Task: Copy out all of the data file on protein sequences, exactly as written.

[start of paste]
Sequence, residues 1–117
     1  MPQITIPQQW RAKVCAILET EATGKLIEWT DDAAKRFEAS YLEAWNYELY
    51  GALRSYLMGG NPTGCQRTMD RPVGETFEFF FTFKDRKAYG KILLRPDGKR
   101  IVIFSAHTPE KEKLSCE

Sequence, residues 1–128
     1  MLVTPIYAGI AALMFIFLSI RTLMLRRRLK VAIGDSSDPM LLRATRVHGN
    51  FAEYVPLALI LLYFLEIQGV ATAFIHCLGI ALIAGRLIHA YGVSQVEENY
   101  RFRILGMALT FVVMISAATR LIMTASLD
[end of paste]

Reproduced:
Sequence, residues 1–117
     1  MPQITIPQQW RAKVCAILET EATGKLIEWT DDAAKRFEAS YLEAWNYELY
    51  GALRSYLMGG NPTGCQRTMD RPVGETFEFF FTFKDRKAYG KILLRPDGKR
   101  IVIFSAHTPE KEKLSCE

Sequence, residues 1–128
     1  MLVTPIYAGI AALMFIFLSI RTLMLRRRLK VAIGDSSDPM LLRATRVHGN
    51  FAEYVPLALI LLYFLEIQGV ATAFIHCLGI ALIAGRLIHA YGVSQVEENY
   101  RFRILGMALT FVVMISAATR LIMTASLD